That’s what chess is all about. One day you give your opponent a lesson, the next day he gives you one – Bobby Fischer
Today I want to talk about the idea of having rivals in chess.
In today’s politically correct world, we often hear about things like “participation ribbons”, and the idea that “everyone is a winner”.
In this bizzarro world, there are no winners and losers, everyone is equally good, and the most important thing is that no one’s feelings are hurt, and their self esteem is boosted at every opportunity, reminding them that they are a special snowflake.
For a lot of people from the “old school” these ideas make them sick to their stomach.
I think having rivals is good.
I think clearly winning and losing is good.
If you want to build your self esteem, listen to some Tony Robbins tapes.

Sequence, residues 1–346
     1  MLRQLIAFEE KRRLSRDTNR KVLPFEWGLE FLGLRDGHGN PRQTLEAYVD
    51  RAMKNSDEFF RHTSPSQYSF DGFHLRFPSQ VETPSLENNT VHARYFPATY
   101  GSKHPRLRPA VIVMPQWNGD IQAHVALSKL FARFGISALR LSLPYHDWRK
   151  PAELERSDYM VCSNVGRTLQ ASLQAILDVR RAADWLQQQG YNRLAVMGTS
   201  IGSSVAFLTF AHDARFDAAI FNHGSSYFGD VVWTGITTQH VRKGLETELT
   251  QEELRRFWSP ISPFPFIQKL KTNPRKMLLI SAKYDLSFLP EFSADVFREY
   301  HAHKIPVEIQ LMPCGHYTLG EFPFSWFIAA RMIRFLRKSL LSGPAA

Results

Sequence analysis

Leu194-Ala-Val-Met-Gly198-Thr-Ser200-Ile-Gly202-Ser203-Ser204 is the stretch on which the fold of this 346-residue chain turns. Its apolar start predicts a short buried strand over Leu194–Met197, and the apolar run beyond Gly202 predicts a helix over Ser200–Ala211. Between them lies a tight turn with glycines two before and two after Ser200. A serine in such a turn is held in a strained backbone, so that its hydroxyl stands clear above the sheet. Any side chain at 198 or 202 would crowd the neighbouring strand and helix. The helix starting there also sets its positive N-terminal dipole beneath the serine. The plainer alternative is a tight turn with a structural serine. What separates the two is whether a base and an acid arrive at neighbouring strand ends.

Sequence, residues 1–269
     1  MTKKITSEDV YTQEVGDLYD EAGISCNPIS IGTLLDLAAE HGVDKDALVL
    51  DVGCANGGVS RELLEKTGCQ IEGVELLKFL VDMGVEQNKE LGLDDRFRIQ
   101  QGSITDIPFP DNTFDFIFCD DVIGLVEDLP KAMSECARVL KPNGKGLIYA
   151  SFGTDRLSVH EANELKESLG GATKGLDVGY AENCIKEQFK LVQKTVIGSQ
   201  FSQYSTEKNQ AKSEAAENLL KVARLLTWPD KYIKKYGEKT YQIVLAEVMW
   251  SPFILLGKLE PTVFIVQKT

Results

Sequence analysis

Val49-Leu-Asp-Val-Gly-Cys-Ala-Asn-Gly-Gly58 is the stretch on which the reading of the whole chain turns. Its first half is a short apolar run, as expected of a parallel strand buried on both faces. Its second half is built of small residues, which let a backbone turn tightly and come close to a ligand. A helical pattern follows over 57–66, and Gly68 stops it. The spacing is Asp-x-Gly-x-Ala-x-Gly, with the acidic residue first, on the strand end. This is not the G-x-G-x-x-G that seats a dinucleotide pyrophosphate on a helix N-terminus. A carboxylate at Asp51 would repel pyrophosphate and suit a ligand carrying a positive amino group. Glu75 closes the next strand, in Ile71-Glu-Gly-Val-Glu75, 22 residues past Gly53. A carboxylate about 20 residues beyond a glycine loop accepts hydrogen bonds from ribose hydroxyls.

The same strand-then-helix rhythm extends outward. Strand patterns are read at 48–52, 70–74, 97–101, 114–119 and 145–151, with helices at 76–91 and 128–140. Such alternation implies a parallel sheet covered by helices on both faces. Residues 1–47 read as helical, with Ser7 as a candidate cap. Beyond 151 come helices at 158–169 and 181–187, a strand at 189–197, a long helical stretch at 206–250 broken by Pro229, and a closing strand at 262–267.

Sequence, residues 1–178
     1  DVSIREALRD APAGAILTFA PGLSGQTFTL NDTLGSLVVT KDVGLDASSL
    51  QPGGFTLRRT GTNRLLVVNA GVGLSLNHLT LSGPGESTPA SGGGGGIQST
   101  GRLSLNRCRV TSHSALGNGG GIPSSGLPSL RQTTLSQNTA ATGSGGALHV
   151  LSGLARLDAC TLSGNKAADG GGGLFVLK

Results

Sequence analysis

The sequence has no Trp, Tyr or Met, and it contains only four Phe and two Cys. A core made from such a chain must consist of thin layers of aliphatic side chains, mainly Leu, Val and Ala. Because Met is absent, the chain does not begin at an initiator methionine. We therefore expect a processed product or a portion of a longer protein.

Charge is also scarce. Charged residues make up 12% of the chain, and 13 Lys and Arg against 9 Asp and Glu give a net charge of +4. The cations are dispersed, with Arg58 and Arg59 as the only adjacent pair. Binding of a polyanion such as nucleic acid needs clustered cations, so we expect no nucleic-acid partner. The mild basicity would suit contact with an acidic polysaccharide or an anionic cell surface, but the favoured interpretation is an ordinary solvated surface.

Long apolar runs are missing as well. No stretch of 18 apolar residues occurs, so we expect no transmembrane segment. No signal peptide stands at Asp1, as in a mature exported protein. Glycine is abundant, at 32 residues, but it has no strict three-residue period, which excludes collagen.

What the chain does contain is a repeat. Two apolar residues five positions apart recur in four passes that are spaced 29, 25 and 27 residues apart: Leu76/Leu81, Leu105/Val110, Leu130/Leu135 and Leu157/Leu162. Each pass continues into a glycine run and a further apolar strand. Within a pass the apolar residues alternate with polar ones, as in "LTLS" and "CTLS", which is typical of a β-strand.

The sports world has lots of famous rivalries. There is even a Wikipedia page that lists them: http://en.wikipedia.org/wiki/List_of_sports_rivalries.
There have been studies that show having a rival can boost performance. Kasparov has said that his rivalry with Karpov made him a much stronger player than he would have been without this rivalry.
My friend Paul Anderson keeps a “list of enemies”, which is a tip he learned from Richard Nixon.
I have had rivals over the years in the chess world, and they have motivated me to play my best, and were often some of my closest friends off the board.
So don’t be afraid of having rivals. They can help take your game to the next level.